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COVID-19 Update

Hospital and Emergency Care During COVID-19

During the COVID-19 pandemic and now as our communities begin to reopen, it’s important to understand that when you need medical care, you should seek treatment. Our hospitals and emergency departments are open and available to provide you with safe emergency and essential care. We are also ready to safely care for you — in-person or as a video visit — for a wide range of your health care needs.

If you have questions, please connect with us through MyChart or call your provider. We are here for you during this pandemic and as we move forward, safely treating you both in-person and remotely.

Please carefully review all the safety measures we have in place to protect all our patients and staff members.

 

Emergency Care

When should I call 911 or go to the emergency department?

Call 911 if you are experiencing potentially life-threatening symptoms.

We understand you are concerned about your safety and the safety of loved ones during the COVID-19 pandemic, but it’s important to seek medical care when you need it. Delaying care may create greater risks to your health.

The following are just some of the symptoms for which you should immediately call 911 or go to the nearest emergency department. (Note: This is not a complete list.)

  • Chest pain or pressure, palpitations, shortness of breath or other symptoms of heart attack or other heart problems
  • Sudden numbness, weakness, confusion, loss of vision, problems with speech or balance, or other symptoms of stroke
  • Unexplained or worsening shortness of breath, or other breathing problems
  • High fever
  • Intense or unexplained pain
  • Heavy bleeding or bleeding without an obvious cause
  • Severe injury or trauma, including deep, large or severe cuts
  • Possible fractures or broken bones
  • Any other problems that you consider an emergency

What if I'm afraid to go to the emergency department?

We understand those fears. Our emergency department is able to isolate patients who may have COVID-19 or other infections from those with other emergent problems. Emergency department staff members wear personal protective equipment and place patients who may have COVID-19 in private rooms to ensure infections are not spread from person to person. Each patient room is fully cleaned and disinfected after each patient leaves. Note also that waiting too long to seek care for some health care emergencies is a bigger risk than the chance of contracting COVID-19.


COVID-19 Safety Precautions

What safety precautions are you taking to help make sure the environment is safe and clean for me?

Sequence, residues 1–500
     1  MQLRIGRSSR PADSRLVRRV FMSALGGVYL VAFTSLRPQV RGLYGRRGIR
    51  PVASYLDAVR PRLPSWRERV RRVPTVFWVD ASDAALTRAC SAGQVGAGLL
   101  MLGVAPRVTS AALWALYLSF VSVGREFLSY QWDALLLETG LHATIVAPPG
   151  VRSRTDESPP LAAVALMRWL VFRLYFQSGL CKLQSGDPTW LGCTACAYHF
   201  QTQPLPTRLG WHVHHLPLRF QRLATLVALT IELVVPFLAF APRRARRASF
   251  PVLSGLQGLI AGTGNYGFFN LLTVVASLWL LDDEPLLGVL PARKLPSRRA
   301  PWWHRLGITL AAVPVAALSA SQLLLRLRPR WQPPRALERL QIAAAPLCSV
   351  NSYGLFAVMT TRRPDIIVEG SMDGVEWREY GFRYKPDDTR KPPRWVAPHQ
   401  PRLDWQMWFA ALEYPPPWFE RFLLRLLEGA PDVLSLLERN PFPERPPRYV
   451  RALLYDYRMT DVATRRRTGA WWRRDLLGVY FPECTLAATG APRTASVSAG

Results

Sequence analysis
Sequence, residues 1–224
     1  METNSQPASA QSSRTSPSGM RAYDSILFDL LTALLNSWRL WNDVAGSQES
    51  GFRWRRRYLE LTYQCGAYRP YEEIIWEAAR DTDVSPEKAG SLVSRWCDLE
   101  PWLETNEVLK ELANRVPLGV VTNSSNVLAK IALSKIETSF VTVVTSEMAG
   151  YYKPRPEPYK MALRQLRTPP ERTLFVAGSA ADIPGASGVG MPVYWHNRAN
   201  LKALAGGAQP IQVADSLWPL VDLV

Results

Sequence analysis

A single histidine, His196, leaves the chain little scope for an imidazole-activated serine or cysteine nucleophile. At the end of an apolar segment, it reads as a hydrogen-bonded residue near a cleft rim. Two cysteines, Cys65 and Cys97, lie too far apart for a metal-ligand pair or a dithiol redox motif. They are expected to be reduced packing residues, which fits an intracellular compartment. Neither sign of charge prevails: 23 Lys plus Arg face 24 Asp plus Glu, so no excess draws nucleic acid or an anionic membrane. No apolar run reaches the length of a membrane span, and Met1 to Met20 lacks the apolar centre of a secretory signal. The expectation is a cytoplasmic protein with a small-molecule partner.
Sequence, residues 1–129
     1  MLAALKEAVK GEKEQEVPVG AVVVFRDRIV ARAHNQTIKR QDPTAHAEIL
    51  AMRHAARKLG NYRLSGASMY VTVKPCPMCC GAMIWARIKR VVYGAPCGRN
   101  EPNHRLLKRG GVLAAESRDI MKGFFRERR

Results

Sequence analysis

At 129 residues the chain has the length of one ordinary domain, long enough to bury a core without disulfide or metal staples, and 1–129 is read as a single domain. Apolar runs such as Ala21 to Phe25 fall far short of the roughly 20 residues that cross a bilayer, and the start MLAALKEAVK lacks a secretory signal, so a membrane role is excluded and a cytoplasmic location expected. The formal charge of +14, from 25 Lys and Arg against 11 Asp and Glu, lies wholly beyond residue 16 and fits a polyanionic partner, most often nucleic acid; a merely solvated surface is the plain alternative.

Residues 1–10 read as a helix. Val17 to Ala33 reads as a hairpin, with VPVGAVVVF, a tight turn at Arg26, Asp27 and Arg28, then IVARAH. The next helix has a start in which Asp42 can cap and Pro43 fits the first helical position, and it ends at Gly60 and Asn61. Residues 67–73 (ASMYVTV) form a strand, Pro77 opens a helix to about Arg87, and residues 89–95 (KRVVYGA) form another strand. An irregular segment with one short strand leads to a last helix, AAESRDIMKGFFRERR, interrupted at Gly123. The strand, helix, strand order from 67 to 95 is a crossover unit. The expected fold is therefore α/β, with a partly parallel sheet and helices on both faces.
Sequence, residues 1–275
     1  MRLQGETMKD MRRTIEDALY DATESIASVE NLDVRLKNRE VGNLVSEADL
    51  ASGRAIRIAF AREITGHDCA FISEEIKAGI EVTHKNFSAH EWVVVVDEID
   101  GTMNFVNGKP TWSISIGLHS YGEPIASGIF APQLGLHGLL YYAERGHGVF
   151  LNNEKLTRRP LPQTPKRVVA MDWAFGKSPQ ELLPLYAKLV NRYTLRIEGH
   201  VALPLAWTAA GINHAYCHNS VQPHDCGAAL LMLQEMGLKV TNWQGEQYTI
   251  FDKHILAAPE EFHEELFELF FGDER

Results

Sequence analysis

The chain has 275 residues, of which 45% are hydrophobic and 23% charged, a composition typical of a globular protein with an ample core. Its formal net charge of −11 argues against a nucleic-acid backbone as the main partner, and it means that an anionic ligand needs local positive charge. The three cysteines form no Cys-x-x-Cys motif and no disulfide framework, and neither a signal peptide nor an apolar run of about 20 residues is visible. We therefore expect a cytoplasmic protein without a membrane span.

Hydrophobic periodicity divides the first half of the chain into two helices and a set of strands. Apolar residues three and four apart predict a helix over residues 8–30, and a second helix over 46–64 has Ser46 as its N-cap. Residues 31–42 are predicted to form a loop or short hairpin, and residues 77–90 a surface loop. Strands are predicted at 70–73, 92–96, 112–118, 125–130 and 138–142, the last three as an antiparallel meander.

Your health and well-being are our highest priorities. At Johns Hopkins Medicine, our infection prevention specialists are leaders in providing guidelines to help reduce the spread of COVID-19 and other infectious diseases, and we take infection prevention very seriously in all of our clinics, patient rooms and operating rooms. In addition, we have carefully planned and taken extra precautions to help ensure that we are doing everything we can to minimize any risk to our patients and staff members.

Our medical staff works closely with our Department of Hospital Epidemiology and Infection Control to ensure the highest levels of safety are observed. We combine this knowledge with guidelines from the Centers for Disease Control and Prevention, the Maryland Department of Health and DC Health.

 
 

We are implementing the following safety guidelines in our hospitals:

Masked staff preparing tests.Everyone must wear masks in our care facilities.

We are screening, and as appropriate, testing.

  • Everyone is screened for COVID-19 symptoms and risk factors as they enter our buildings.
  • All patients are tested for COVID-19 prior to hospital admission and 72 hours prior to having a surgery or procedure. Patients planning to have surgery or a procedure can get more information about what to expect on our surgeries and procedures page.
  • All staff members and physicians are screened daily. They do not come to work if there is any sign of symptoms related to COVID-19.
  • We will immediately separate anyone in the facility who we believe may have COVID-19 before they encounter other patients, and we will offer testing as appropriate.

We require universal masking and wear appropriate protective equipment.

  • All staff members, patients and visitors (if permitted) must wear masks in the facility (except children under age 2).
  • Patients staying in the hospital may remove their mask when alone in their room, but when they are able, must put on a mask when staff, care partners, or others enter the room. This is especially important when staff are in close contact with the patient (closer than 6 feet). 
  • Our care teams treating COVID-19 patients wear personal protective equipment, including N95 respirators, to prevent the spread of COVID-19.

We are extremely focused on keeping our facilities clean.

  • Surfaces and equipment are thoroughly cleaned and disinfected using products that are effective against a range of organisms and viruses, including the coronavirus that causes COVID-19.